Unification of the Central Bank is an important step in rebuilding the Yemeni economy. However, the Houthi want to reunify the Bank in Sanaa, no doubt, while refusing to talk with the Yemeni government. Reunifying the Central Bank without a political settlement effectively gives the Houthi control over state revenues, fiscal policy, and monetary policy in all of Yemen.

Looking Forward

There remains a very long road to a substantive settlement

If Iran has pressured the Houthi to talk, there are not many signs of Houthi discomfort—the Houthi have given up little and appear to have everything to gain in these talks with the Saudis. The Saudis appear willing to suspend disbelief in Houthi fiction to extricate themselves from Yemen. Formally, the Saudi delegation met with the Yemen Presidential Leadership Council, the Yemeni government, to apprise it of the negotiations, and the head of the council, Rashad al-Alimi gave his support to the Saudi negotiations. However, those in the council and those living in its territory have no illusion about Houthi intentions and will find it very hard to agree to the terms the Houthi propose. Of course, negotiations are in their early phase, but given Houthi proposals to date, there remains a very long road to a substantive settlement.

[i] El Yaakoubi, Aziz. “Saudi, Omani envoys hold peace talks with Houthi leaders in Sanaa,” Reuters. 9 April 2023.
[ii] Reuters. “Yemen prisoner exchange begins amid peace talks,” Reuters. 14 April 2023.
[iii] Hubbard, B., (2016). Iranian Protesters Ransack Saudi Embassy After the Execution of Shiite Cleric. The New York Times. Retrieved from
[iv] Mabon, Simon. The Struggle for Supremacy in the Middle East: Saudi Arabia and Iran. Cambridge University Press, 2023.
[v] Ministry of Foreign Affairs of the People’s Republic of China. “Joint Statement by the People’s Republic of China, the Kingdom of Saudi Arabia, and the Islamic Republic of Iran.” (10 March 2023)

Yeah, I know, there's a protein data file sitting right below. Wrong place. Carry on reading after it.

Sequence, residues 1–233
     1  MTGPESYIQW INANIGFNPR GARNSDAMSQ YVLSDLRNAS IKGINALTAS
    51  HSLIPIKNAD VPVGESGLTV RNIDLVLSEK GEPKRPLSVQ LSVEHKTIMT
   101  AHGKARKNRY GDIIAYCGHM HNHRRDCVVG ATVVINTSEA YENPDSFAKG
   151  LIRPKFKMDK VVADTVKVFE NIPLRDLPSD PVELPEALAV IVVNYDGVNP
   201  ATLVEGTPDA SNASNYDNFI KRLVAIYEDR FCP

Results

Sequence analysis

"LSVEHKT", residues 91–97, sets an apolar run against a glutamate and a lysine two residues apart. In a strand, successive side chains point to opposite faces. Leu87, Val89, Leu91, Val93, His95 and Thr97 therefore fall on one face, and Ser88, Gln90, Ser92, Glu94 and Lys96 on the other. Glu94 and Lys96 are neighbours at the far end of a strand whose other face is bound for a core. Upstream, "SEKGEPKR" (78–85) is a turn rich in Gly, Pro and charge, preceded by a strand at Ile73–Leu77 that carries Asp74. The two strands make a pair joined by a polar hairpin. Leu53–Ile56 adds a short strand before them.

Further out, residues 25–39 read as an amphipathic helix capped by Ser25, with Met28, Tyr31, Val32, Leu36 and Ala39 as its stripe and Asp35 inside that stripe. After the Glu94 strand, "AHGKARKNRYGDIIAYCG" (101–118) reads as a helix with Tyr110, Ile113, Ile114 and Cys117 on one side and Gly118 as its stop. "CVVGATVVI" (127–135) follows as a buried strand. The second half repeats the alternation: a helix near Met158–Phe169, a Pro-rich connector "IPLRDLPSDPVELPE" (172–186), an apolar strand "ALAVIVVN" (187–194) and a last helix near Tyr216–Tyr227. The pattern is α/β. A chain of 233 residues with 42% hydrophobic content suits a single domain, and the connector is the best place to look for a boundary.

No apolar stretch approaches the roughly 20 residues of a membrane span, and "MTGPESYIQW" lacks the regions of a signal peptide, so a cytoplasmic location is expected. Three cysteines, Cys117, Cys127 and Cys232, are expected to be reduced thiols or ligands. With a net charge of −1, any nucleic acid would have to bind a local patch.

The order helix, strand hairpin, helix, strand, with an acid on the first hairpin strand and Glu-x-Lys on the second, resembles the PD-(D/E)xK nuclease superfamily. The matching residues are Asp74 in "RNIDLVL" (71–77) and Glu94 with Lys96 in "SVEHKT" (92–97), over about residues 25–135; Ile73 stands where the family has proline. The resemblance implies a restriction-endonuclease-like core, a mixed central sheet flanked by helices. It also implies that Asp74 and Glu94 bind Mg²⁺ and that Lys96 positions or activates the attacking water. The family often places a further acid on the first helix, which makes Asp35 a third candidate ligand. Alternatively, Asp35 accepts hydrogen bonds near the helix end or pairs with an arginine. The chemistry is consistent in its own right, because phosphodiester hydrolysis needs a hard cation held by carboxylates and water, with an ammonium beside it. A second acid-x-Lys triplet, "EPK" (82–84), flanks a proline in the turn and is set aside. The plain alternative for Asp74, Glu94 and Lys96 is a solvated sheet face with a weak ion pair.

[vi] Keynoush, Banafsheh. “How Tehran Views the Iranian-Saudi Agreement.” Middle East Institute 24 March 2023.
[vii] Alarabiya News. (2023). Saudi Arabia’s foreign minister arrives in Syria, meets with Assad. Retrieved from
[viii] Ghobari, Mohammad and Noah Browning. “Yemen’s Houthis and Saudi Arabia in secret talks to end war: sources.” Reuters. 15 March 2018.
[ix] International Crisis Group. “A Moment of Truth for Yemen’s Truce.” 30 September 2022.
[x] Ebraheem, Nadeen. “Houthis try to reassure skeptics they won’t seek full control of Yemen, as Saudis eye exit.” CNN, 14 April 2023.
[xi] Knights, Michael. 25 Days to Aden: The Unknown Story of Arabian Elite Forces at War. London: Profile Editions. 2023.
[xii] Aljazeera. “Coalition ‘kills 160’ Yemen rebels as Marib battle intensifies.” AlJazeera. 17 Oct 2021.
[xiii] Ebrahim, Nadeen. “Houthis try to reassure skeptics they won’t seek full control of Yemen, as Saudis eye exit.” CNN. 17 April 2023.
[xiv] Jalal, Ibrahim. “Under pressure: Houthis target Yemeni government with economic warfare.” Middle East Institute. 27 Feb 2023.
[xv] Al-Batati, Saeed. “Houthis block Yemeni traders from using government-controlled ports.” Arab News. 13 February 2023.
[xvi] Saeed al-Batati. “Houthi Ban on Flour Imports Angers Yemeni Traders.” Arab News. 30 March 2023.
[xvii] Al-Batati, Saeed. “Yemen government slams Houthi threats to attack oil ships.” Arab News. 5 October 2022.
[xviii] AlJazeera. “Saudi-UAE alliance launches fresh offensive on Yemen’s Hodeidah.” AlJazeera. 18 Sept 2018.
[xix] Labott, Elise and Ryan Browne. “US rejects UAE request for support to capture Yemeni port city.” CNN. 14 June 2018.
[xx] United Nations. “United Nations Mission to Support the Hudaydah Agreement.”
[xxi] United Nations Verification and Inspection Mechanism (UNVIM) for Yemen. “Operational Snapshot December 2021.”
[xxii] Rogers, Joshua. “Becoming the State: How Ansar Allah Took Over and Adapted Formal Institutions at the Local Level,” in Hamidaddin, Abdullah (ed). The Huthi Movement in Yemen: Ideology, Ambition and Security in the Arab Gulf. New York: I.B. Taurus, 2022.
[xxiii] Sana’a Center Economic Unit. “Bridging the Divide: Mitigating the Impacts of the CBY Schism on Yemen’s Banking Center.” Sanaa Center for Strategic Studies. 2 Mar 2023.
[xxiv] Vuylsteke, Sarah. “Flawed Data Continues to Plague Humanitarian Response in Yemen.” Sanaa Centre for Strategic Studies. 15 March 2022.; Elayah, M., Gaber, Q. & Fenttiman, M. From food to cash assistance: rethinking humanitarian aid in Yemen. Int J Humanitarian Action 7, 11 (2022).